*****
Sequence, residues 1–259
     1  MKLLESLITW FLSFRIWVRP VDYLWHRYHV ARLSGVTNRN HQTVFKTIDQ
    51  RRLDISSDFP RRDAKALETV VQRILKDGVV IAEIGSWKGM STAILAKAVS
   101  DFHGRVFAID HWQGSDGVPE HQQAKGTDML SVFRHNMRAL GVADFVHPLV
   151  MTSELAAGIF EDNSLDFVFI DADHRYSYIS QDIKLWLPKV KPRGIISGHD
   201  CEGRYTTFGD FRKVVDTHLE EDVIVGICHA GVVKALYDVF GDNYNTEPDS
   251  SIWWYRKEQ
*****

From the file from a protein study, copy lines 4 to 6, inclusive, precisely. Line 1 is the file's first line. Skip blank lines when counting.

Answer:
   101  DFHGRVFAID HWQGSDGVPE HQQAKGTDML SVFRHNMRAL GVADFVHPLV
   151  MTSELAAGIF EDNSLDFVFI DADHRYSYIS QDIKLWLPKV KPRGIISGHD
   201  CEGRYTTFGD FRKVVDTHLE EDVIVGICHA GVVKALYDVF GDNYNTEPDS